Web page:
When ineligible patients are mistakenly included, investigators could remove these patients from both study arms without risking bias. However, so that the decision to remove such patients is unbiased and not influenced by events that occurred after randomisation (and may therefore be affected by whether patients received experimental or control treatment), an independent adjudication committee blinded to treatment and outcome must systematically review each patient. Also, the adjudication committee must base its decisions solely on information that reflects the patient's status before randomisation. Investigators should clearly state the number of patients randomised but not included in the primary analysis of data and explain the circumstances under which such patients were enrolled but excluded from the analysis.
Although excluding a large number of patients may not introduce bias, it may weaken any inferences from the study, because of the decreased sample size (that is, decrease the precision of the estimates of effect). If ineligible patients have a similar response to treatment to that of eligible patients, their exclusion will reduce the power of the study. If the reason for exclusion was that they were expected to have a reduced or no response to treatment, and the expectation is correct, their inclusion will introduce random error and reduce the power of the study and the precision of the estimate of treatment effect. Furthermore, the most informative analysis will depend on whether clinicians ultimately intend to apply the study results to patients represented by those who were mistakenly randomised.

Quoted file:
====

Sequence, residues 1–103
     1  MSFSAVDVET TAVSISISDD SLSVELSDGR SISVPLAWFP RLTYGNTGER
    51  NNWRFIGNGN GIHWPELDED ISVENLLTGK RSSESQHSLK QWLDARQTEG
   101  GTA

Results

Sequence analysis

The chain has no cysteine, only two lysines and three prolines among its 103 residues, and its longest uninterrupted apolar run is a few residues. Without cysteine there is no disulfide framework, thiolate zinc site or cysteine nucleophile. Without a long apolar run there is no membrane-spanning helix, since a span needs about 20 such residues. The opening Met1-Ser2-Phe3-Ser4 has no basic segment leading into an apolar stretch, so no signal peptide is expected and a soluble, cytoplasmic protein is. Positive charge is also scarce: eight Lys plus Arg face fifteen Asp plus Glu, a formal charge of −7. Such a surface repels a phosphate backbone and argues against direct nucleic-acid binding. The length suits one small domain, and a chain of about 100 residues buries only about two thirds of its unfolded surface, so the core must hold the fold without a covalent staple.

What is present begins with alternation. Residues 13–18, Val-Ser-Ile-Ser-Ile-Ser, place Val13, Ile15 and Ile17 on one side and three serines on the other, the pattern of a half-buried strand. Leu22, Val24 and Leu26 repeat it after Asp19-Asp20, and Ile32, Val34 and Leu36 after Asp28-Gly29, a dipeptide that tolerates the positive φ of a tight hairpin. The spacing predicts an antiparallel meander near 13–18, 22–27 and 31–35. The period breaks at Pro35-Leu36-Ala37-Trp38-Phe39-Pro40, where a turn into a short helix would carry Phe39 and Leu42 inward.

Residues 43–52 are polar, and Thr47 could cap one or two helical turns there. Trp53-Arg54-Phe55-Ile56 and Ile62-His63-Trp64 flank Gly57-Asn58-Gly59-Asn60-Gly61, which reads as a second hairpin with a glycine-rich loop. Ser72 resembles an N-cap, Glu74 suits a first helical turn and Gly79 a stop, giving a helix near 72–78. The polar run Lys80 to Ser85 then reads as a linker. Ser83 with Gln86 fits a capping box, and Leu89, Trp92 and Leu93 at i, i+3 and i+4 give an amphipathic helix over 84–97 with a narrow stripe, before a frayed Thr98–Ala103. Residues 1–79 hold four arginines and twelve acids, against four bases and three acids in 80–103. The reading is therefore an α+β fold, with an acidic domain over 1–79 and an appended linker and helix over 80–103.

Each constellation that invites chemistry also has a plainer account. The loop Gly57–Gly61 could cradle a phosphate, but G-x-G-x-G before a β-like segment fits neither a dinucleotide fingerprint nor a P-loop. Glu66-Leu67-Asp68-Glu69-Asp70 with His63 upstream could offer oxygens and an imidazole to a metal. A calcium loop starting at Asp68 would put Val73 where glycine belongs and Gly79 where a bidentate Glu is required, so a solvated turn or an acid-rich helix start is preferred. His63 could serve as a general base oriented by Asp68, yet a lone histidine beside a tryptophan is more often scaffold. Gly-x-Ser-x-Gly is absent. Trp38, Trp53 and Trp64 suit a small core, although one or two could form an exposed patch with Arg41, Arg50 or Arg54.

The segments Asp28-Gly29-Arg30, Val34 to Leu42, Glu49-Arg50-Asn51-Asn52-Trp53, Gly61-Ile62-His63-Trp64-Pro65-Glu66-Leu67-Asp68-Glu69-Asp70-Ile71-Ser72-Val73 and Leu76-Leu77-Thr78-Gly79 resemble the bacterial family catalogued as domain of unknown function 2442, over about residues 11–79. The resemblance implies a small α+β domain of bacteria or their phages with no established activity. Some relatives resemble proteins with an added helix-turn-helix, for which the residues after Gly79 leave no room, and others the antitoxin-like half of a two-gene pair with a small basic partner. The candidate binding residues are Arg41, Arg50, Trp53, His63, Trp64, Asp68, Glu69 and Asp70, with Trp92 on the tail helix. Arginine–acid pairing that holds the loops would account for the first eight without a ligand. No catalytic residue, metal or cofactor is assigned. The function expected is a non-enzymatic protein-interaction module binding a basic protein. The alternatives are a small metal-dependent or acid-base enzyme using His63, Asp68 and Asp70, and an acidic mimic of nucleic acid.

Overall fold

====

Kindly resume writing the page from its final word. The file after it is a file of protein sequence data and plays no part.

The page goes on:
Poorly defined or excessively broad eligibility criteria can lead to the inclusion of patients who do not have the condition of interest and are therefore unlikely to benefit from treatment. For example, studies of severe infections resulting in sepsis syndrome are often beset by difficulties in defining the condition of interest and the eligibility criteria.11,12 The diversity of clinical presentations often results in the enrolment of patients who meet eligibility criteria and receive treatment but are unlikely to benefit (box (boxB2B2).
Under such circumstances the primary analysis should include all randomised patients. A secondary analysis that includes only patients who had the condition of interest and that is based on data collected before randomisation can also be informative and unbiased (see Discussion).
If investigators expect delays in obtaining clinical or laboratory information on patients' eligibility, they should ideally postpone randomisation until this information is available. However, even with sound methods and procedures and the best of intentions, instances when patients must be randomised before all the data needed to confirm eligibility are available will occur (box (boxB3).B3).